“Untreated tooth decay is the most common that when unattended to; an abscess can develop which culminates in toothache,” she explains.

She however, notes that toothache can also be caused by an impacted tooth usually when a wisdom tooth is stuck in the gum tissue or bone. She adds that some cases might be due to sinusitis when there is an infection in a sinus cavity.

How to prevent toothaches
To help prevent toothaches, brush and floss at least twice a day and get dental checkups and cleanings twice a year, or as often as recommended by your dentist. Dr Kamwine notes that proper brushing, limitations to sugary and acidic drinks, protecting teeth from injury among other solutions prescribed by experts can be good but all should be supplemented by visiting the dentist regularly.

State of the sector
In March, 2020, the dentistry body Uganda Dental Association (UDA) requested government to set aside funds to equip dental facilities in public health institutions to ensure better service delivery.

The ratio of Doctor to patients in Uganda stands at 1:142,000 contrary to 1:7,000 a ratio that is prescribed by World Health organization (WHO).
According to Uganda Dental Association, Uganda has a total of 27 dental specialists and half of them work abroad.

Why your teeth hurt and what to do about it
Pain is a protective response from your body. Whether it is minor or severe; the sensory trigger is there to let you know something is wrong; something that comes from the inside out. Dental pain is no exception to this rule. It is a form of reactive nerve pain that emanates from inside your teeth when they are exposed to certain stimuli.

The answer depends on the stimuli. What stimuli? For every symptom, there is a cause. Here are common causes and what to do about them:

Sensitivity to temperature
The dental pain is momentary, but it usually signals a minor problem within the tooth itself. It could be:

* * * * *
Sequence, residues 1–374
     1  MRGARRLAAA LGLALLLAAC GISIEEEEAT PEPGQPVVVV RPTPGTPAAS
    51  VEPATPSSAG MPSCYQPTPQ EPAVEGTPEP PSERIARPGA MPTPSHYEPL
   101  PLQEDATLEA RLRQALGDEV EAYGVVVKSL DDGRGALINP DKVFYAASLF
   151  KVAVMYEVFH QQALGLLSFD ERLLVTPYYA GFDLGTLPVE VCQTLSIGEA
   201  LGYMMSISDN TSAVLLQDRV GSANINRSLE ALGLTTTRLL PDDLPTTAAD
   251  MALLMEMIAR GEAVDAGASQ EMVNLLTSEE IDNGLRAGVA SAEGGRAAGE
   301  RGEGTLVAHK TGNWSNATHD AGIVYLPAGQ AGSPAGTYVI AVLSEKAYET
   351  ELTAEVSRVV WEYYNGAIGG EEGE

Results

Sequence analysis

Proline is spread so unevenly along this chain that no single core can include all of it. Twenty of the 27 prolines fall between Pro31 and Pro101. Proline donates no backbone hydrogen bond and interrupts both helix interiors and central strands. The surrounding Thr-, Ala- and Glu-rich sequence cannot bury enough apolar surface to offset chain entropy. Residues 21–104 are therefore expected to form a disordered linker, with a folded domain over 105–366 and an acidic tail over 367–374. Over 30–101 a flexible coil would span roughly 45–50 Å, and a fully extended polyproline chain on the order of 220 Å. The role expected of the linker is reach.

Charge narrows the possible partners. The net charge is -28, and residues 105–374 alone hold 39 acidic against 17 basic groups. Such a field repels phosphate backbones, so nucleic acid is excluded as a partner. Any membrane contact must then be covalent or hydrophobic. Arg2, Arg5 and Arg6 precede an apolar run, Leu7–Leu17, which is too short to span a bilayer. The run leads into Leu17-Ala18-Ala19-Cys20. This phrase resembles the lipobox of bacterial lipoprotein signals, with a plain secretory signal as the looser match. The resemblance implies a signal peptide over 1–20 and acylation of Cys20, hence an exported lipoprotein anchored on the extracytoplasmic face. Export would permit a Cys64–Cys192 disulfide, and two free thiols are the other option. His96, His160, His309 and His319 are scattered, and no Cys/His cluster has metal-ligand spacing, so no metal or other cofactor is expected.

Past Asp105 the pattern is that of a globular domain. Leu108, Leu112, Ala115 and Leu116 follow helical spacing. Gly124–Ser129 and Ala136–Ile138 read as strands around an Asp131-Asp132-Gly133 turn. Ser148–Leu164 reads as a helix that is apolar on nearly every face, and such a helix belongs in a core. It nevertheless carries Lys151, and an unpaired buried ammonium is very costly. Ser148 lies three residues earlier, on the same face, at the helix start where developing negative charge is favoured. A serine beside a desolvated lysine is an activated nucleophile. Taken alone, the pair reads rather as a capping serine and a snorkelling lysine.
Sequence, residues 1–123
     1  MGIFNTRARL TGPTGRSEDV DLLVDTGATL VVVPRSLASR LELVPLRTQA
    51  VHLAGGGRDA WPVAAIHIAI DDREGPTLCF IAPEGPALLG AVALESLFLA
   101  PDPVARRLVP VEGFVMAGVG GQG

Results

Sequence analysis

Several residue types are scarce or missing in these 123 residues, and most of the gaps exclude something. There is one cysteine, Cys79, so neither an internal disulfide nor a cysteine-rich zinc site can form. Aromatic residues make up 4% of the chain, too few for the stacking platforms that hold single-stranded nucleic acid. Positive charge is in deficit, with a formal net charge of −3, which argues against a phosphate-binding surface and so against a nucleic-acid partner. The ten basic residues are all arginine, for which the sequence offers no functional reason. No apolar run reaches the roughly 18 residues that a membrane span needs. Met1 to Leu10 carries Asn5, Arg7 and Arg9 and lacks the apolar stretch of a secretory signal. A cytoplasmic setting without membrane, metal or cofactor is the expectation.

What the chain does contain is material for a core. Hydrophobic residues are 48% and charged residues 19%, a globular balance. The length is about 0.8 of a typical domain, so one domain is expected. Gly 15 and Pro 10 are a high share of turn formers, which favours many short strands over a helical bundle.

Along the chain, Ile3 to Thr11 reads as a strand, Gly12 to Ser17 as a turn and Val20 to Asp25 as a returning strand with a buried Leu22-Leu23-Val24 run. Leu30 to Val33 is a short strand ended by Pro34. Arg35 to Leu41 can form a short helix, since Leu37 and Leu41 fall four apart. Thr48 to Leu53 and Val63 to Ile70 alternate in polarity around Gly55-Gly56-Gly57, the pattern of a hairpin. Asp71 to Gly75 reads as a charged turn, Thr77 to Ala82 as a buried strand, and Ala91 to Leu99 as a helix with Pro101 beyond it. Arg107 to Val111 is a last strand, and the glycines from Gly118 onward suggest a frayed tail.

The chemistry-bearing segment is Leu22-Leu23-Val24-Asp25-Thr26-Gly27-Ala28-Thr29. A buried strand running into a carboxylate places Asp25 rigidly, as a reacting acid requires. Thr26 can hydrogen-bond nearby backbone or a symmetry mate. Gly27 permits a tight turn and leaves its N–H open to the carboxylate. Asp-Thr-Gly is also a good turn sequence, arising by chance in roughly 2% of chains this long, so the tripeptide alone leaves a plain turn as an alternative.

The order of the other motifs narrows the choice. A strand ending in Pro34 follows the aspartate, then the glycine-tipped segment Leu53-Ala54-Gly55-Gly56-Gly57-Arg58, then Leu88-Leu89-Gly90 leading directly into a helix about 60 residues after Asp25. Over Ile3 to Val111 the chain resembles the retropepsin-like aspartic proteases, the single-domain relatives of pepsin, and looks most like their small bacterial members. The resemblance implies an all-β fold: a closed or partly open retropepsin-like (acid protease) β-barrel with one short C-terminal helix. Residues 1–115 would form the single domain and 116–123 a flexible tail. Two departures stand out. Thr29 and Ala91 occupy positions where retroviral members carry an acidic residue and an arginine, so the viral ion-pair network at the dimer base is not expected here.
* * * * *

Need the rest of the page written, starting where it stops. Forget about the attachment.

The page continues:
. A small area of tooth decay
. A loose filling
. An exposed root due to abrasion or gum recession

What to do about it: The best thing to do is to keep your teeth and gum line clear of bacterial plaque. Do this by gently brushing with a soft-bristled toothbrush, no more than twice a day. A toothpaste containing fluoride works well for sensitive teeth.

You can use the toothpaste as an ointment by rubbing it on your teeth for about 10 minutes, as needed.

Sensitivity after dental treatment
Dental work can also cause dental pain. How? Depending on the problem, fixing it may cause inflammation inside the tooth.

What to do about it: The good news is the pain you are feeling only lasts a few days to a few weeks. Decay removal and crown work may take a week or two to settle. In the meantime, you can take over-the-counter pain relievers to manage your discomfort.

Sharp pain when chewing
This might be due to decay, loose filling or cracked tooth.
What to do about it: While a loose filling can be replaced by a dentist, the other causes of dental pain when chewing will need to be addressed by a specialist. They can remove decay, protect the root canal, and seal any spaces or cracks within the tooth.

Lingering pain after eating
Pay very close attention to this symptom, it could mean that your tooth is infected. If tooth decay or damage is left untreated, your tooth can die from the inside out.
What to do about it: This needs to be prevented before the pain becomes too severe. A root canal can remove the dead and dying pulp; saving the tooth. (Source: